Joshua Marie Wilkinson (b. 1977, Seattle)
Some photographs of me with my family & my friends: Lisa Wells, Farid Matuk, Mathias Svalina, Solan Jensen, Catherine Wagner, Dana Ward, Dot Devota, Zachary Schomburg, Brandon Shimoda, Amy Lawless, Drew Swenhaugen, Hoa Nguyen, Fred Moten, Sommer Browning, John Beer, Susan Briante, & many others.
Joshua Marie Wilkinson is a poet, filmmaker, and professor at the University of Arizona, where he edits a journal called The Volta, and runs a small press called Letter Machine Editions. He lives in Tucson and Seattle with the writer Lisa Wells. A new book called Meadow Slasher is now available from Black Ocean. Wilkinson will appear in B.A. Vansise's Children of Grass project at the Smithsonian in 2019 to commemorate the 200th anniversary of Walt Whitman's birth.
Wilkinson is represented by Kate Garrick at the Karpfinger Agency. Though he does not use social media, you can reach him at joshuamarie at gmail dot com
Joshua Marie Wilkinson's works include two book-length poems, Lug Your Careless Body out of the Careful Dusk (University of Iowa Press 2006, winner of the Iowa Poetry Prize) and Suspension of a Secret in Abandoned Rooms (Pinball 2005), as well as The Book of Whispering in the Projection Booth (Tupelo Press 2009) and Figures for a Darkroom Voice, with Noah Eli Gordon & Noah Saterstrom (Tarpaulin Sky Press 2007). Since 2006, he's been at work on a five-book sequence of poetry called the No Volta pentalogy, which includes Selenography, with Polaroids by Tim Rutili (Sidebrow Books 2010); Swamp Isthmus (Black Ocean 2013); The Courier's Archive & Hymnal (Sidebrow Books 2014); Meadow Slasher; and Shimoda's Tavern (Black Ocean 2017 & 2018).
His poems have appeared in American Letters & Commentary, A Public Space, Boston Review, Chicago Sun-Times, Denver Quarterly, Jubilat, Harvard Review, New American Writing, Verse, and were selected by C.D. Wright for Pen America. His essays have appeared in Poetry Northwest, Green Mountains Review, the Poetry Society of America, The Volta, and many others. His films have appeared on Poets & Writers and TriQuarterly. More work can be found online at the Academy of American Poets, among others. His work appears in the expanded Postmodern American Poetry anthology (W.W. Norton 2013) and in many more anthologies. He has given invited readings at the J. Paul Getty Museum in Los Angeles, the Poetry Project in New York, the Pitchfork Music Festival in Chicago, the Newport Folk Festival for Third Man Books, and at visiting writers series in Amsterdam, Berlin, Paris, and beyond.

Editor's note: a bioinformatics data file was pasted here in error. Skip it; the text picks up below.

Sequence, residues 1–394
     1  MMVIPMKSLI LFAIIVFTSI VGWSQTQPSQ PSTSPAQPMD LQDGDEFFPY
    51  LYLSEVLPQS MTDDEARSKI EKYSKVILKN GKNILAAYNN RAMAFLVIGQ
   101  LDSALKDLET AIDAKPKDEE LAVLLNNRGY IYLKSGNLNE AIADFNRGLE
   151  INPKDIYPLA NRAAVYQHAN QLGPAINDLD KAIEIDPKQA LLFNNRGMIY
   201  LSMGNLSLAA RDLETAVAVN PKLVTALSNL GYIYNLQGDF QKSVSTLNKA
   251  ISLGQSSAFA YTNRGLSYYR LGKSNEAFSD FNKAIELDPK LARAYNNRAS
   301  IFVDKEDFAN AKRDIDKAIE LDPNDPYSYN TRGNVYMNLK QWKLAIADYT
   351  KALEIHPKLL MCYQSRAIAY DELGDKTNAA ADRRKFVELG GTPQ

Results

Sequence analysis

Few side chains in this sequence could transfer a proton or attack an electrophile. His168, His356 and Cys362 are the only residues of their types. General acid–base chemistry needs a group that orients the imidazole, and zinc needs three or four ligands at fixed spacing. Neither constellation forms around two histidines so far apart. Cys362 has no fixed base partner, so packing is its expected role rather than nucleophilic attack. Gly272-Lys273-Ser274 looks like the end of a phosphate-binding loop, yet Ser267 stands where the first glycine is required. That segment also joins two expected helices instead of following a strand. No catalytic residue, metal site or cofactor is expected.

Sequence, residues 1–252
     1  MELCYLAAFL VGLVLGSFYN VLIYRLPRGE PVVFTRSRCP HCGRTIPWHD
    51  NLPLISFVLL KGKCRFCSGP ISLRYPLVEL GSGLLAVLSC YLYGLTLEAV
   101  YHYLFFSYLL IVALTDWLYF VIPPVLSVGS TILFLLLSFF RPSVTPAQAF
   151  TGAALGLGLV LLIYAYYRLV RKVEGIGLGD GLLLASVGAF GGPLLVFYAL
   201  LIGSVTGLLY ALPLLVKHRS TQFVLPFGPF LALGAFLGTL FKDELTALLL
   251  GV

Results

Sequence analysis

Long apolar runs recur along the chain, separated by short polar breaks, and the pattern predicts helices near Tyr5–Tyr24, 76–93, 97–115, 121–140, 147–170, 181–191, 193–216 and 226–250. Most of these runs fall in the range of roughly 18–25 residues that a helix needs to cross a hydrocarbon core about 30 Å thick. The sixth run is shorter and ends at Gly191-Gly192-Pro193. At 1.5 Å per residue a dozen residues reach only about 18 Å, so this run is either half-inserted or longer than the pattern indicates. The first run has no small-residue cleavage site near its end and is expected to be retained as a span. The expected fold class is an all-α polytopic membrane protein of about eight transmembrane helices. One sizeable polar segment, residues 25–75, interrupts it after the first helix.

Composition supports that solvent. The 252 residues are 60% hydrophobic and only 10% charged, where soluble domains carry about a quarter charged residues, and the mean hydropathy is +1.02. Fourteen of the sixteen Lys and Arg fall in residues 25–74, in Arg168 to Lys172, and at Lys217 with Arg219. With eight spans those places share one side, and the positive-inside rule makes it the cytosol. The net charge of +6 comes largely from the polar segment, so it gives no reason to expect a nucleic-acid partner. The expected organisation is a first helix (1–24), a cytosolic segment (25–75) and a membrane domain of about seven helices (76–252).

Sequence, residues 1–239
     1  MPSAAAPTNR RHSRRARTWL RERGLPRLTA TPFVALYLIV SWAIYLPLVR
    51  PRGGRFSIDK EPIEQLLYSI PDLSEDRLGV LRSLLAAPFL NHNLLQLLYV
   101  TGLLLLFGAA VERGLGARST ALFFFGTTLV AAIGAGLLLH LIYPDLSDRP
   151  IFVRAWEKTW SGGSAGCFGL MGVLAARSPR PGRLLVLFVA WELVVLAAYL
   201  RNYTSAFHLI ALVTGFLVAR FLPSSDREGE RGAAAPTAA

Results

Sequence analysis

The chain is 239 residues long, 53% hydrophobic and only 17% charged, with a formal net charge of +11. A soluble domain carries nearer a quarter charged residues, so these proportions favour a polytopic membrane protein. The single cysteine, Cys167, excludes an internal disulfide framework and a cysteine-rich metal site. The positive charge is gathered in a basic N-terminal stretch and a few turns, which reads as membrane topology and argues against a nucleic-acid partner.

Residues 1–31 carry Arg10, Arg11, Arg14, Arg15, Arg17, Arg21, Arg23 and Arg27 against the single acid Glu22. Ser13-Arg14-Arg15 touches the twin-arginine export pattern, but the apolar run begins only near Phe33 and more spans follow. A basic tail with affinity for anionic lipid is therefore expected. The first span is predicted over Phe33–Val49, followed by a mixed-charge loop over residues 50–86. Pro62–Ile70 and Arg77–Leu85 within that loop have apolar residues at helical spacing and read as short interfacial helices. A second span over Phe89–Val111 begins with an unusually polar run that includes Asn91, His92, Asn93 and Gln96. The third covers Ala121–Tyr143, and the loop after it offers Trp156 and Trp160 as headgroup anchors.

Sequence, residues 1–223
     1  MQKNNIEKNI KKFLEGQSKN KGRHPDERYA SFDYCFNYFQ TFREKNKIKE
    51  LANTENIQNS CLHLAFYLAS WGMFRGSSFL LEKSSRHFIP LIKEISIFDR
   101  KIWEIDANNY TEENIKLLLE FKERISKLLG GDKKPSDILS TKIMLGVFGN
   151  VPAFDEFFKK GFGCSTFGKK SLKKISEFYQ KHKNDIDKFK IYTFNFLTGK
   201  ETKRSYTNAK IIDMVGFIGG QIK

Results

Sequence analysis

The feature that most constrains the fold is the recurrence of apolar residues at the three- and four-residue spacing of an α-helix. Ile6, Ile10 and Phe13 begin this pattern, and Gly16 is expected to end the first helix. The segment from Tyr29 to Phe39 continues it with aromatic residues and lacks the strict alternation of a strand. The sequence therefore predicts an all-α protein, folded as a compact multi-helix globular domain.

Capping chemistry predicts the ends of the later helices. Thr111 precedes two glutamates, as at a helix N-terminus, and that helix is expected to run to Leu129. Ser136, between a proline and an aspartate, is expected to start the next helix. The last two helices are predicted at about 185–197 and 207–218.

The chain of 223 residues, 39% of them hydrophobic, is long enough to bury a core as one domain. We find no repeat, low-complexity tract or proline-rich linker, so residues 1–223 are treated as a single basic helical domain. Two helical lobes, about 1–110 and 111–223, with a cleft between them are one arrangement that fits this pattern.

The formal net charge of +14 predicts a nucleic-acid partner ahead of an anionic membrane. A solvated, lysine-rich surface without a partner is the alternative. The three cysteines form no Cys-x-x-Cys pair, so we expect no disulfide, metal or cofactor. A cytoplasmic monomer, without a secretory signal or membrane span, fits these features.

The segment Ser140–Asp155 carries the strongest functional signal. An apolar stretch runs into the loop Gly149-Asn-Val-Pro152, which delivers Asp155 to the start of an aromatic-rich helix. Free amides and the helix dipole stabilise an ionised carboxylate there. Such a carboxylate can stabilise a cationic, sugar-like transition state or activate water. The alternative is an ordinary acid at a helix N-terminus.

His edited volumes include five print anthologies: 12x12: Conversations in 21st Century Poetry & Poetics (with Christina Mengert, University of Iowa Press 2009); Poets on Teaching: A Sourcebook, featuring 99 essays on the art of teaching poetry (University of Iowa Press 2010); The Force of What's Possible: Writers on Accessibility & the Avant-Garde (with Lily Hoang, Nightboat Books 2015); The Volta Book of Poets (Sidebrow Books 2015); and the first collection of essays on Anne Carson's work called Anne Carson: Ecstatic Lyre (University of Michigan Press 2015).
Joshua Marie Wilkinson and Lisa Wells run a small press called Letter Machine Editions, which publishes books by Fred Moten, Alice Notley, Brandon Shimoda, Farid Matuk, and many others. Letter Machine titles have won the California Book Award and the William Carlos Williams Award, and been a finalist for the National Book Award and the Los Angeles Times Book Prize, among others. With Sasha Hawkins, Wilkinson edits a poetics journal called The Volta, recently awarded the Pushcart Prize. The Volta has been featured on the Poetry Society of America's site, Tin House, Poets & Writers, and in the Best American Poetry anthology edited by Sherman Alexie.
Wilkinson earned an A.A. from North Seattle Community College, a B.A. in Education from Western Washington University, an M.F.A. in Creative Writing from University of Arizona, an M.A. in Film Studies from University College Dublin, and a Ph.D. in English from University of Denver. Currently, he is Associate Professor of English at the University of Arizona, where he was the recipient of the College of Humanities Distinguished Teaching Award. He teaches creative writing, literature, and film to undergraduates and in the M.F.A. program in creative writing.
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